Photo by Paulo T. Photography.

The word ritual is quite open-ended, and could be considered an invitation.

Yes, invitation and openness are very centered in my work. I wanted Dancing Earth to be respectful, cautious, and protective – waiting for permissions or taking gentle steps. I was a successful dancer working in New York and around the world. I was happy being a conduit for other’s visions. If anything, I was too intimidated to create choreography or to be a director. Then, when I went through that life-changing battle, I couldn’t dance. I could barely move. I was no longer able to be a conduit, but I definitely had dreams. When I share those with others, they become choreography and direction. Yet, I am still being a conduit for something greater than myself – there’s definitely something coming through me. It is shaped by me because it’s choosing my body to flow through. When we come in the circle, we always have a sense of what is in the middle and wants to be birthed through our process.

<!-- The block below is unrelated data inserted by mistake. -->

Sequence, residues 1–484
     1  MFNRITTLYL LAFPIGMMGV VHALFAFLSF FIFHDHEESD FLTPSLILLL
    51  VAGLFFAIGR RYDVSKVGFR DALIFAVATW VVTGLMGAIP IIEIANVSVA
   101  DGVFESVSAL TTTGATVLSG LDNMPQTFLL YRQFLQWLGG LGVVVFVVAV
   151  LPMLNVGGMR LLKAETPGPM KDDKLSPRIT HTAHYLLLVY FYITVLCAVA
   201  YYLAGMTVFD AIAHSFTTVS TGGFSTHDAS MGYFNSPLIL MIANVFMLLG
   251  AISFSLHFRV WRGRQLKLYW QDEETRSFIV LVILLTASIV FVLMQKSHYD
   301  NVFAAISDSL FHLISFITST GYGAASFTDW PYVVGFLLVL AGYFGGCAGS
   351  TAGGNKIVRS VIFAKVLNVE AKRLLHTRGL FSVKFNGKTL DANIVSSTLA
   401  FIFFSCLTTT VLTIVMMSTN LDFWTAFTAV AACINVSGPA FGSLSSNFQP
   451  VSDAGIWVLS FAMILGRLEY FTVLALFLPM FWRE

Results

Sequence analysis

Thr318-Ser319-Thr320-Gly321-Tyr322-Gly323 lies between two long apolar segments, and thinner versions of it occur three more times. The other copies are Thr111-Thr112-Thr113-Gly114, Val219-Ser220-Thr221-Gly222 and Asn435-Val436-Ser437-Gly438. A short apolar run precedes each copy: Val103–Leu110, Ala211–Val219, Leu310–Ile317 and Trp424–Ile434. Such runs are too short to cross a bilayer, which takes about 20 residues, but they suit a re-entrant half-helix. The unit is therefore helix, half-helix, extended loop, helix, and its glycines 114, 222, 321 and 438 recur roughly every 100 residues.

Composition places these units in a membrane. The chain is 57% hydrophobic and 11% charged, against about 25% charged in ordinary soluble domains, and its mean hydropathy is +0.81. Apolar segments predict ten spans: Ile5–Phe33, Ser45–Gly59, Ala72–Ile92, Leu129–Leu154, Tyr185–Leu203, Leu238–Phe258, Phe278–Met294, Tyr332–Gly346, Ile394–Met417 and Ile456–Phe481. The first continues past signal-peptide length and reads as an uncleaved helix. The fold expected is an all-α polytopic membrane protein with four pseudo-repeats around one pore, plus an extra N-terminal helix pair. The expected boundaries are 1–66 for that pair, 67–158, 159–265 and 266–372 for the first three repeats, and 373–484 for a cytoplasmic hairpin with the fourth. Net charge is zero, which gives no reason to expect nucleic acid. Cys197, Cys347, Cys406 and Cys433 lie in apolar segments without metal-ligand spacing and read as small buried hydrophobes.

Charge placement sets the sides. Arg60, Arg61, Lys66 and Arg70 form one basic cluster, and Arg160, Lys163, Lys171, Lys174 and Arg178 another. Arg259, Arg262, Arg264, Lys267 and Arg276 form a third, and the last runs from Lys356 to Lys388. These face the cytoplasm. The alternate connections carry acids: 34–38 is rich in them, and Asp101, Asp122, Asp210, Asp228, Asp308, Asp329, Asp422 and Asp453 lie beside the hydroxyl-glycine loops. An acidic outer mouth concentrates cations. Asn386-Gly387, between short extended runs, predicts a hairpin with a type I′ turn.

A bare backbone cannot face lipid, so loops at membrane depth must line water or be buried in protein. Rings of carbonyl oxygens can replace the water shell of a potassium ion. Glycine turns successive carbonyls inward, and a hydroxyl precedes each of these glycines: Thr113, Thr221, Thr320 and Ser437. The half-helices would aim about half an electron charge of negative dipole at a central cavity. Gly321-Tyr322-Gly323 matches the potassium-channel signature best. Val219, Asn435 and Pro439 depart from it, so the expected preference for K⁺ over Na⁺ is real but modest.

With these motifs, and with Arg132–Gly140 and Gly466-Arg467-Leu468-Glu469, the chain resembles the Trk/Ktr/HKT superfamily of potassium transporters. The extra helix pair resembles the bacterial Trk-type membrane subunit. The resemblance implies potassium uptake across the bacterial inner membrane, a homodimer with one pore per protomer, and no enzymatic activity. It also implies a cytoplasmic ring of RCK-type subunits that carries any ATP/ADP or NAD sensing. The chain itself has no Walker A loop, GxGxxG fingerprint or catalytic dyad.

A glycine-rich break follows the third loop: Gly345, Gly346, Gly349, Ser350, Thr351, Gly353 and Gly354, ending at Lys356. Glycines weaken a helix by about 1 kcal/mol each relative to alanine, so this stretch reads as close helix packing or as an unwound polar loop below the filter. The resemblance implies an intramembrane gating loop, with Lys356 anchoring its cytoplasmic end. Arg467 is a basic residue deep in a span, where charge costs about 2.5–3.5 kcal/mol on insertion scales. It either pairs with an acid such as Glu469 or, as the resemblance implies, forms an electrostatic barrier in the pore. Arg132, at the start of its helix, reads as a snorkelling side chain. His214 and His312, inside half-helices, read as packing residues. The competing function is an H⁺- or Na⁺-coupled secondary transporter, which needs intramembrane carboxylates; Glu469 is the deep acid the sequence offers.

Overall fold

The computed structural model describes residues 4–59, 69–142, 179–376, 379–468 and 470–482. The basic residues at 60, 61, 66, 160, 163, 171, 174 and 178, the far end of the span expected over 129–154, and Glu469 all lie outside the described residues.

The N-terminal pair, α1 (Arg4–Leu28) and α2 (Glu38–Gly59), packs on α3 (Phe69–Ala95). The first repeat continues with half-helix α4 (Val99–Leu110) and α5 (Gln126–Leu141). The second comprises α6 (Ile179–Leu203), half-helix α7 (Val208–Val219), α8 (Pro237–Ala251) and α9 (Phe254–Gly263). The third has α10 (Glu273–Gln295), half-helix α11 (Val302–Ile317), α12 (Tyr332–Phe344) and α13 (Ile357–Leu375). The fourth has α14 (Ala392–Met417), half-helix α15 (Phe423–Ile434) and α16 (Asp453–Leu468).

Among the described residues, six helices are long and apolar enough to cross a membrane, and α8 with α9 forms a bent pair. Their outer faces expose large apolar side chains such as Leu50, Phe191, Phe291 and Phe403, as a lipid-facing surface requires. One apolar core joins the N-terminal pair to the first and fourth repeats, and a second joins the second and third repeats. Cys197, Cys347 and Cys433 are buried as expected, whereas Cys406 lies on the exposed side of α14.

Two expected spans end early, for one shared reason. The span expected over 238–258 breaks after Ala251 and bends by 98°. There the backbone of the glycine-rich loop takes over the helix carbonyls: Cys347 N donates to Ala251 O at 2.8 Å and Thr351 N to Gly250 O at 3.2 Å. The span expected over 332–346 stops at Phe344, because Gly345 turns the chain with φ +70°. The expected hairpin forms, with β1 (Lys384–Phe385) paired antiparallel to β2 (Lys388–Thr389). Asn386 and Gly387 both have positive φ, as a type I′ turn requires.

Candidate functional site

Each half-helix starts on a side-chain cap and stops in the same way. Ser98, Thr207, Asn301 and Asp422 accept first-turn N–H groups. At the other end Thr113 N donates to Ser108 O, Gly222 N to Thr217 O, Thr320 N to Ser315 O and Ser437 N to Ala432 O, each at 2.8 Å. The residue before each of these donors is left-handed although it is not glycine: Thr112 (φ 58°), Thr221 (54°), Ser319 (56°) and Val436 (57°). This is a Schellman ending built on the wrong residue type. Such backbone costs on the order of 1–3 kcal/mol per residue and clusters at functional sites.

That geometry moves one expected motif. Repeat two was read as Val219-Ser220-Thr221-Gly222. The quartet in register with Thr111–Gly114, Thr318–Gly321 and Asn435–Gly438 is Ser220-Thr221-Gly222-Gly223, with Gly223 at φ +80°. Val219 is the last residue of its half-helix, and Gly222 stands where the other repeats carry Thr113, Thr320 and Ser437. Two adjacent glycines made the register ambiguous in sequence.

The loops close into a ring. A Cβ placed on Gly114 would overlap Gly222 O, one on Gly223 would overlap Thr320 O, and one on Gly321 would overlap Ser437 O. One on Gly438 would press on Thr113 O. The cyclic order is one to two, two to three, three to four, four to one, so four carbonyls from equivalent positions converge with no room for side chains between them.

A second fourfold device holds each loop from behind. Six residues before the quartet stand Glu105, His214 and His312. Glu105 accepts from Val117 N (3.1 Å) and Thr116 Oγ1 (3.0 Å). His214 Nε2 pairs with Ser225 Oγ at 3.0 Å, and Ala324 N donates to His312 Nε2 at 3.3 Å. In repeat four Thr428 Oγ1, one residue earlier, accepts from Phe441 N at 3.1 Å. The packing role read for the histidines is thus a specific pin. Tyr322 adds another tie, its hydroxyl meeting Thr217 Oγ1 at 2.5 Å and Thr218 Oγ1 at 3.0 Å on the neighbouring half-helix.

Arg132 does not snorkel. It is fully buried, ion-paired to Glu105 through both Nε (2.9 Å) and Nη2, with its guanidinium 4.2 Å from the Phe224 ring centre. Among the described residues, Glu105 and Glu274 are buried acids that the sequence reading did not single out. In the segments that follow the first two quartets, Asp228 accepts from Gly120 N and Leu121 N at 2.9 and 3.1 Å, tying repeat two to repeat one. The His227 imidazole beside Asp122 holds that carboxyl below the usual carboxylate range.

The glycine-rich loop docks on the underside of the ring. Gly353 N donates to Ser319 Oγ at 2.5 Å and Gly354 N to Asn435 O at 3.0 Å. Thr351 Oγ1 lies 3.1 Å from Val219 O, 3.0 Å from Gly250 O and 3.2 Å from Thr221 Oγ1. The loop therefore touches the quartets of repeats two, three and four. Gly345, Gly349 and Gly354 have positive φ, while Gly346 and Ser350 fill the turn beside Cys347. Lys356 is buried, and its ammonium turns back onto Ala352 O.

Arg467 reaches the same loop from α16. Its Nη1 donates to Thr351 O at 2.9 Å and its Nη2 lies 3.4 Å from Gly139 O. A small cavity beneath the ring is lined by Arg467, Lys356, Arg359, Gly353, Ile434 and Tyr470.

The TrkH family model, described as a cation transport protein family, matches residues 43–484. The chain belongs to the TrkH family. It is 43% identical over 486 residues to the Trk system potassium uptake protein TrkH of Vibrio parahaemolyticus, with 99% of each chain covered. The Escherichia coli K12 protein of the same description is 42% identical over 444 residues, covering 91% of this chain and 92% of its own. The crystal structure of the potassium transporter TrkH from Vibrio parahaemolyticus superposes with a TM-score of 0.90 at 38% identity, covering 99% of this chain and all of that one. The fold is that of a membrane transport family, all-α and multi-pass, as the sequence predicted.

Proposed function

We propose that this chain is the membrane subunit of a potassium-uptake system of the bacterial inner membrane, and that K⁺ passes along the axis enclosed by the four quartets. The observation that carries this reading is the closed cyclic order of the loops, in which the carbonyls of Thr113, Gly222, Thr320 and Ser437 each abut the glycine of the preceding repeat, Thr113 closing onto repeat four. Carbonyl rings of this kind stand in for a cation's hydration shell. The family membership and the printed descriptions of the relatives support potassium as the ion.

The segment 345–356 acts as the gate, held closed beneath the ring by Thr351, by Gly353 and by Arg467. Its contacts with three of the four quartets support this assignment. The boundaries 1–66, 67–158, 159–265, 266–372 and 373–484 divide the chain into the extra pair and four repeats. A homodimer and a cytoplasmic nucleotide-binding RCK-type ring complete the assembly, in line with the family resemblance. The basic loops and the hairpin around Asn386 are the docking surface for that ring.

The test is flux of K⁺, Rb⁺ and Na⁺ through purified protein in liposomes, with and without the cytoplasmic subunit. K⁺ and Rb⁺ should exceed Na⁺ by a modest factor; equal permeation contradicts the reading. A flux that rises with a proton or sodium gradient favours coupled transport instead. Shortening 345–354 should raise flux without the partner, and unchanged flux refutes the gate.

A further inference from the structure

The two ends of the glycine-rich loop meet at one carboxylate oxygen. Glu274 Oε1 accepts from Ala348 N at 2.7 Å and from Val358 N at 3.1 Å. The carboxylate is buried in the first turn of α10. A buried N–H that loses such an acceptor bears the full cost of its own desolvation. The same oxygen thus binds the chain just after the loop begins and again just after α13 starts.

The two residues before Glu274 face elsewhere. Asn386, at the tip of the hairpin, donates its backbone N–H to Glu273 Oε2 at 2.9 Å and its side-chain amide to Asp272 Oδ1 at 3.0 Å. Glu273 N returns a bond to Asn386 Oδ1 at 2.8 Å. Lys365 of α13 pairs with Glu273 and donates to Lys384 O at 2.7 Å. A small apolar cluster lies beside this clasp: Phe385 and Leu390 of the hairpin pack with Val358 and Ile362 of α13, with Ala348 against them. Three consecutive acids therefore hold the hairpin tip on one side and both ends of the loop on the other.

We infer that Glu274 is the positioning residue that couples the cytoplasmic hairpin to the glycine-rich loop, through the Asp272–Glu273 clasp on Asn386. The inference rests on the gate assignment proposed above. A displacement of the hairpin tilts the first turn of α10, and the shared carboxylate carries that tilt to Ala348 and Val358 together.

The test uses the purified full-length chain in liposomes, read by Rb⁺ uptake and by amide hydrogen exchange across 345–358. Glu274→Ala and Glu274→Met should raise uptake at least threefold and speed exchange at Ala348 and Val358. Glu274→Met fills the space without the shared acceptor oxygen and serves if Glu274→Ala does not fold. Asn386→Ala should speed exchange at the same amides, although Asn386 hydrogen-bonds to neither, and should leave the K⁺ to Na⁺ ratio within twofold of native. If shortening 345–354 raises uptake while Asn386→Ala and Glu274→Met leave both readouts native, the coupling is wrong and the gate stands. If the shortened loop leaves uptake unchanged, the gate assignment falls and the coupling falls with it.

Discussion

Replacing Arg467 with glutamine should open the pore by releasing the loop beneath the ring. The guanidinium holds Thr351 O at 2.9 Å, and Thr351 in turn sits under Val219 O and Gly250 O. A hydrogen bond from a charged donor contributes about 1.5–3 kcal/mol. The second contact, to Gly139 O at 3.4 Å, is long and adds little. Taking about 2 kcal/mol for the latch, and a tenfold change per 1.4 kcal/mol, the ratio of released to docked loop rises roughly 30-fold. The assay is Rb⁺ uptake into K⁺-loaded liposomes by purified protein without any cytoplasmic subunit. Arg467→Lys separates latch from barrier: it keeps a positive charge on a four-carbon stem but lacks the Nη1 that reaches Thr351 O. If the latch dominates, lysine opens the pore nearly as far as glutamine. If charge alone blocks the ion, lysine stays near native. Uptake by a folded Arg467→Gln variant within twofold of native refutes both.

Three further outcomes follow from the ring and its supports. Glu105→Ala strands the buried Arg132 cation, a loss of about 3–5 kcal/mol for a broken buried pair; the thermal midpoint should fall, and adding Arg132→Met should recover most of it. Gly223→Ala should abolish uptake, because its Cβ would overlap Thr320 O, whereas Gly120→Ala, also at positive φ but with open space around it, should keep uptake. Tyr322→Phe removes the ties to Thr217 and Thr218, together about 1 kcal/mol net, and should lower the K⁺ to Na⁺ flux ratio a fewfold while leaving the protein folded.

Is this a different source than someone else? Maybe a collective thing, or something non-human?

That’s a great question. We’ve been creating for 17 years, so there are many variations to this.

For me, it was coming through an intangible way of relating to the tangible. It’s about understanding life on Earth. It’s not about some other realm, but about the spirit and force that is in all of life. Variations – particular images or glimpses of that – would come through me and I’d bring them into the circle for other people to respond.